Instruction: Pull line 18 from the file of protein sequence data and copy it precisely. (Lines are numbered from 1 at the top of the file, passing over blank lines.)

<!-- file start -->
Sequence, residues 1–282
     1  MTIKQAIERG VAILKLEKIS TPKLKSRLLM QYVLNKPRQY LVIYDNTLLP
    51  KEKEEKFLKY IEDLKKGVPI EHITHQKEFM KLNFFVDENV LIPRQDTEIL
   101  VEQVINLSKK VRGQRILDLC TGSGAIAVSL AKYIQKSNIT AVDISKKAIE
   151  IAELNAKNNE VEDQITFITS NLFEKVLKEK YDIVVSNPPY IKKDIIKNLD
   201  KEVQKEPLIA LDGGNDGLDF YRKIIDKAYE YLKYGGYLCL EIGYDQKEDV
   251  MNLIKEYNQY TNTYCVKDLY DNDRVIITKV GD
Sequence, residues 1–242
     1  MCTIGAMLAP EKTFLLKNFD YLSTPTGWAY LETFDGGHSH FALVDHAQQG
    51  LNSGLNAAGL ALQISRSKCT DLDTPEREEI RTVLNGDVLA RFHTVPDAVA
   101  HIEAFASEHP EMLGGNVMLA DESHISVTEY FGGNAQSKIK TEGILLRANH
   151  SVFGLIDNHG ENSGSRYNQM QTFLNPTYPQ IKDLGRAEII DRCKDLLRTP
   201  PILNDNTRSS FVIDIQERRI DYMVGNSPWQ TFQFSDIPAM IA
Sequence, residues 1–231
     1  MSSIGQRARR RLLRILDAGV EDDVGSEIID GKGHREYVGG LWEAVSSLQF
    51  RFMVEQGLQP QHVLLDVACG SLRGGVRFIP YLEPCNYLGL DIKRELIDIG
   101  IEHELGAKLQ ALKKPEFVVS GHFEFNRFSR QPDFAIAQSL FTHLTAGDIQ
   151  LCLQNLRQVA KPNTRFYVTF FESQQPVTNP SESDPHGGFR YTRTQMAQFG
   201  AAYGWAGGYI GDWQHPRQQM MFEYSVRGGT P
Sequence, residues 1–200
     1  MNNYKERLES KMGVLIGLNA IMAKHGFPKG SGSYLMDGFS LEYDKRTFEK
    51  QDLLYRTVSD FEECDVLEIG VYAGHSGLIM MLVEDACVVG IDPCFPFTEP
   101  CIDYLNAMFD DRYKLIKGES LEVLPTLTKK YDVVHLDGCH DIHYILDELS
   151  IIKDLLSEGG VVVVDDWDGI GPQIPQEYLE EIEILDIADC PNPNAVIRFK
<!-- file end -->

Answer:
   151  LCLQNLRQVA KPNTRFYVTF FESQQPVTNP SESDPHGGFR YTRTQMAQFG